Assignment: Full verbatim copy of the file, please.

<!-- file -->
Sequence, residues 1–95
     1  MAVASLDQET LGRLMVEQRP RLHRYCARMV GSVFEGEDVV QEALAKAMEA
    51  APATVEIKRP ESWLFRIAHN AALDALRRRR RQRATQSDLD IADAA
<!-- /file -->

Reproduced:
Sequence, residues 1–95
     1  MAVASLDQET LGRLMVEQRP RLHRYCARMV GSVFEGEDVV QEALAKAMEA
    51  APATVEIKRP ESWLFRIAHN AALDALRRRR RQRATQSDLD IADAA